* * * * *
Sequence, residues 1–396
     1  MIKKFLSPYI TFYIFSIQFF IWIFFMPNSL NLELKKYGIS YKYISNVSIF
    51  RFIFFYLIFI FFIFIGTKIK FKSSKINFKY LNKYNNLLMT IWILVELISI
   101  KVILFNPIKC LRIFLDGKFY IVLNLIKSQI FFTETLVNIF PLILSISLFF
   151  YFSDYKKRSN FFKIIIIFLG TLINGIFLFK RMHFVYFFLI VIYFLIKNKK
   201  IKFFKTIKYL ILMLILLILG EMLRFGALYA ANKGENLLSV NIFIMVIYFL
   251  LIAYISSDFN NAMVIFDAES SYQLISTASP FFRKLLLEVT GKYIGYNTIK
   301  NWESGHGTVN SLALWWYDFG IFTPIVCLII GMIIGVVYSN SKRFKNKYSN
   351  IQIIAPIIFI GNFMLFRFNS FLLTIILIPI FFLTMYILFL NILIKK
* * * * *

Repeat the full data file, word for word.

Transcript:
Sequence, residues 1–396
     1  MIKKFLSPYI TFYIFSIQFF IWIFFMPNSL NLELKKYGIS YKYISNVSIF
    51  RFIFFYLIFI FFIFIGTKIK FKSSKINFKY LNKYNNLLMT IWILVELISI
   101  KVILFNPIKC LRIFLDGKFY IVLNLIKSQI FFTETLVNIF PLILSISLFF
   151  YFSDYKKRSN FFKIIIIFLG TLINGIFLFK RMHFVYFFLI VIYFLIKNKK
   201  IKFFKTIKYL ILMLILLILG EMLRFGALYA ANKGENLLSV NIFIMVIYFL
   251  LIAYISSDFN NAMVIFDAES SYQLISTASP FFRKLLLEVT GKYIGYNTIK
   301  NWESGHGTVN SLALWWYDFG IFTPIVCLII GMIIGVVYSN SKRFKNKYSN
   351  IQIIAPIIFI GNFMLFRFNS FLLTIILIPI FFLTMYILFL NILIKK